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May 08, 2021, 06:27:31 AM

Author Topic: Understanding output impedance  (Read 150 times)

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Offline Loquah

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Understanding output impedance
« on: April 25, 2021, 08:09:16 PM »
I have an amp that normally uses resistors to tame the output in much the same way as (I think) the early SEX did. The result is a Zout of 230 ohm or so. I've created a mod with an L-Pad off the speaker taps so I now have two outputs with varying Zout.

I'm doing some testing for an upcoming review and have discovered that the high Zout of the stock output is not altering the frequency response of most of my low impedance cans, but is affecting all of the moderate impedance (80-120 ohm) ones.

Does the 1/8 rule work in both directions (i.e. is it about the distance between Zout and transducer impedance?) or is it more likely just to do with the nature of the drivers and their own impedance variations by frequency?
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Online Paul Birkeland

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Re: Understanding output impedance
« Reply #1 on: April 26, 2021, 05:31:58 AM »
Are you looking closely at the low frequency response of the headphones?  That is where you are most likely to see lumpiness. 
Paul "PB" Birkeland

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Offline Loquah

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Re: Understanding output impedance
« Reply #2 on: April 26, 2021, 03:50:31 PM »
Are you looking closely at the low frequency response of the headphones?  That is where you are most likely to see lumpiness.

Hi Paul, yes I was expecting significant deviations in bass which I saw in the 80 and 120 ohm headphones, but not in 2-3 32 ohm headphones!?

For example, check out the 80 ohm Utopia measurement with the expected bass changes and then the 62 ohm AKG K712 with basically no change
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Online Paul Birkeland

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Re: Understanding output impedance
« Reply #3 on: April 26, 2021, 04:13:22 PM »
If the impedance curve of the lower impedance headphone is super flat, you wouldn't necessarily see a significant change.
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Offline Loquah

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Re: Understanding output impedance
« Reply #4 on: April 26, 2021, 06:04:09 PM »
If the impedance curve of the lower impedance headphone is super flat, you wouldn't necessarily see a significant change.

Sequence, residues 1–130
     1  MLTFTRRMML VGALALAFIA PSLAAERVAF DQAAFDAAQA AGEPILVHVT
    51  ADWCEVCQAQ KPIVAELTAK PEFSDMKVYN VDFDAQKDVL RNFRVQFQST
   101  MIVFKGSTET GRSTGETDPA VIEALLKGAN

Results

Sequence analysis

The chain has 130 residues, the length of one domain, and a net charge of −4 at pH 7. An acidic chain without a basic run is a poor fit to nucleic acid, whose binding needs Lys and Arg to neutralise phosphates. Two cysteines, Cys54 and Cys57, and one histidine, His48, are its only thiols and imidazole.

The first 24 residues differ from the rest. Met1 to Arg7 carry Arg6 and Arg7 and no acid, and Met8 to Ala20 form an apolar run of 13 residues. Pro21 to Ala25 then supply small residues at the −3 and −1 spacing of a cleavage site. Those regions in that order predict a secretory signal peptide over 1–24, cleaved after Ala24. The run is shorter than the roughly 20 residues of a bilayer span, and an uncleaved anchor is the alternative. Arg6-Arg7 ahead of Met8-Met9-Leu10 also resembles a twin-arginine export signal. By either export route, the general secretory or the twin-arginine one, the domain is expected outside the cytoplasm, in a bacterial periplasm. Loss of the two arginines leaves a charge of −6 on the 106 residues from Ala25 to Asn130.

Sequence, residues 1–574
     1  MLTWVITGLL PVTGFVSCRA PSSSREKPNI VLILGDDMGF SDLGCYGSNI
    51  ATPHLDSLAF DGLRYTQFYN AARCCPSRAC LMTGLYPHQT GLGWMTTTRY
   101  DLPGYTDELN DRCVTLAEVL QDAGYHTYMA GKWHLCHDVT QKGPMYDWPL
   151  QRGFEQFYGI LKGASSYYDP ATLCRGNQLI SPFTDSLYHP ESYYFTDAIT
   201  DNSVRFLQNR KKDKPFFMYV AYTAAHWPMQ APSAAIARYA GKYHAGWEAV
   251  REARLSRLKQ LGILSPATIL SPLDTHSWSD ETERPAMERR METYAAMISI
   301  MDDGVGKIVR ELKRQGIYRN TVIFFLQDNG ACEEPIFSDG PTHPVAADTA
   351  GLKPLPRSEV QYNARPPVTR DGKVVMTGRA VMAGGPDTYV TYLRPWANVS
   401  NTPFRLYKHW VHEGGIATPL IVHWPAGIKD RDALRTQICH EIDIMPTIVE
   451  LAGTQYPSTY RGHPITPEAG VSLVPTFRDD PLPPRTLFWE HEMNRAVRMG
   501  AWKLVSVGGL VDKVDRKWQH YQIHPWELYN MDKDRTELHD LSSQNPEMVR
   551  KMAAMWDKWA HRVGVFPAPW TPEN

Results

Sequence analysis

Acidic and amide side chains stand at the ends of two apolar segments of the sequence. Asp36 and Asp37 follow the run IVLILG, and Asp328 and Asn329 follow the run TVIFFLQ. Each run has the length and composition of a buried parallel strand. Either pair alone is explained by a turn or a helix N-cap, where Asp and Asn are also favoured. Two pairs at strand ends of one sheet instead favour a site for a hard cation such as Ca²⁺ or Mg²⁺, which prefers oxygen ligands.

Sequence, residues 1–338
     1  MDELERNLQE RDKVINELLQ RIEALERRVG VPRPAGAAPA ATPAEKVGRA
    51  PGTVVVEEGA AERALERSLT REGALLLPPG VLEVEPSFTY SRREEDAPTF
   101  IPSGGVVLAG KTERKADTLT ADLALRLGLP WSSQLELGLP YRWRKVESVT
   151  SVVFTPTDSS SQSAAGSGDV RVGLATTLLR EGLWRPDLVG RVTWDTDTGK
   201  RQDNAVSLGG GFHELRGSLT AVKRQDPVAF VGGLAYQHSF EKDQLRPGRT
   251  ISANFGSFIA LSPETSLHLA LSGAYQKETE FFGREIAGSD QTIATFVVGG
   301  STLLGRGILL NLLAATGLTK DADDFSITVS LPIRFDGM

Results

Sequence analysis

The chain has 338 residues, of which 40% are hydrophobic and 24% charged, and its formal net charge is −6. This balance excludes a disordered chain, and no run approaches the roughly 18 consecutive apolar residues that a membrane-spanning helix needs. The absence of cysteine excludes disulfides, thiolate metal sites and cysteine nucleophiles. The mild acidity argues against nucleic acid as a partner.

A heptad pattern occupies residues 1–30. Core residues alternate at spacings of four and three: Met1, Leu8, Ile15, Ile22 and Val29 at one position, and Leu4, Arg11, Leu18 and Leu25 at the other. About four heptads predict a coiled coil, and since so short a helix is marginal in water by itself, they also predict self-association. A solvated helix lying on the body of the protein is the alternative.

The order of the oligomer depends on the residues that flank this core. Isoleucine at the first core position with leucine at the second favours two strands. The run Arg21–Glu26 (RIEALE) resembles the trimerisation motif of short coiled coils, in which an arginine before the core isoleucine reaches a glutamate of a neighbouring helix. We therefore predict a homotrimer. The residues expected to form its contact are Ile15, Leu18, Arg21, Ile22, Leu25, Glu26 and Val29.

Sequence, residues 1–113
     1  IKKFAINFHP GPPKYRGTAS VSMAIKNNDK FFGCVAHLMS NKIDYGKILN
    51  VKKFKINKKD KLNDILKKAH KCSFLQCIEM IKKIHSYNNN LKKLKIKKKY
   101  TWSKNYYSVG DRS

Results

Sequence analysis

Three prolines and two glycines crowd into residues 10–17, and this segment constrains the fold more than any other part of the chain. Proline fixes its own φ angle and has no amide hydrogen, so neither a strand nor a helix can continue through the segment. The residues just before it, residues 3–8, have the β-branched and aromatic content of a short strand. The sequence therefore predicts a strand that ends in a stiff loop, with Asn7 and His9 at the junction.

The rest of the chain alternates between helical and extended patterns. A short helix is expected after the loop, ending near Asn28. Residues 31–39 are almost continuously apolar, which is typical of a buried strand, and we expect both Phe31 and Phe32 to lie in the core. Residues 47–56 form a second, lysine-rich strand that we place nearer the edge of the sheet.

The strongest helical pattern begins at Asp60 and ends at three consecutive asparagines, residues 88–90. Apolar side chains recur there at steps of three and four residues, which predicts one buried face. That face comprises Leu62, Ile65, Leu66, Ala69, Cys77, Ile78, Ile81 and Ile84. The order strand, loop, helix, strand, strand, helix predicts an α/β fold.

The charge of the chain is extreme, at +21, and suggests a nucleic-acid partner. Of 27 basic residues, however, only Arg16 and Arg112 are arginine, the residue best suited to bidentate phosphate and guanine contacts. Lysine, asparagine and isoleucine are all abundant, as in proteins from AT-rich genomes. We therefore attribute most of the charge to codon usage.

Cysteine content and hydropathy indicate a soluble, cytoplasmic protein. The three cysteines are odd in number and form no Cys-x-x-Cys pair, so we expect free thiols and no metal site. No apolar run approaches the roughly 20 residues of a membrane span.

I wondered if that might be the issue. So, to confirm, the 1/8 rule does not work in reverse (i.e. output higher than transducer impedance) and damping would still be affected even if frequency response is not - right? The sound is a bit smoother from the high output socket, but it also has different (and more) components in the signal path.

By the way, I know this isn't why you guys do what you do, but I'll be thanking you publicly in my upcoming review of this amp for the help you've provided me in understanding the technical aspects of some amp design choices.
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Online Paul Birkeland

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Re: Understanding output impedance
« Reply #5 on: April 26, 2021, 06:18:22 PM »
You can do the calculations if you like.  Suppose you have 1V on the amp side of the series resistor going to the headphones.  Find the highest impedance in the impedance curve and the lowest impedance in the curve, then you can fill those in as the bottom leg in the voltage divider and calculate the voltage appearing at the headphones, then take 20*log(Vmax/Vmin) to find how much deviation you should have.

The amp you were looking at I think had a voltage divider at the output also, so it may be helpful to start there and work all the way to the headphone driver.

Paul "PB" Birkeland

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Offline Loquah

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Re: Understanding output impedance
« Reply #6 on: April 26, 2021, 06:43:54 PM »
You can do the calculations if you like.  Suppose you have 1V on the amp side of the series resistor going to the headphones.  Find the highest impedance in the impedance curve and the lowest impedance in the curve, then you can fill those in as the bottom leg in the voltage divider and calculate the voltage appearing at the headphones, then take 20*log(Vmax/Vmin) to find how much deviation you should have.

The amp you were looking at I think had a voltage divider at the output also, so it may be helpful to start there and work all the way to the headphone driver.

Thanks Paul. You're correct about the amp having both a permanent resistor and also a variable voltage divider. I've applied a really nifty mod (thanks to the input from you and PJ) that bypasses the whole convoluted output circuit and it sounds much more transparent to my ears so I'm just filling in some knowledge gaps now. I was taking measurements to show why the high output impedance was a problem and was surprised at what I saw on a couple of the low impedance cans like the Meze 99 Neo and Ollo S4X & S4R. At first I thought Ollo had some clever impedance matching tech built-in to account for different mixing desks given their focus as a mastering headphone, but then the 99 Neos and K712 kind of ruined that theory.

At this point I think I'm comfortable just discussing the inconsistent results people will get from high output impedances with a couple of measurements and leave it at that. Thank you very much for your input though!!
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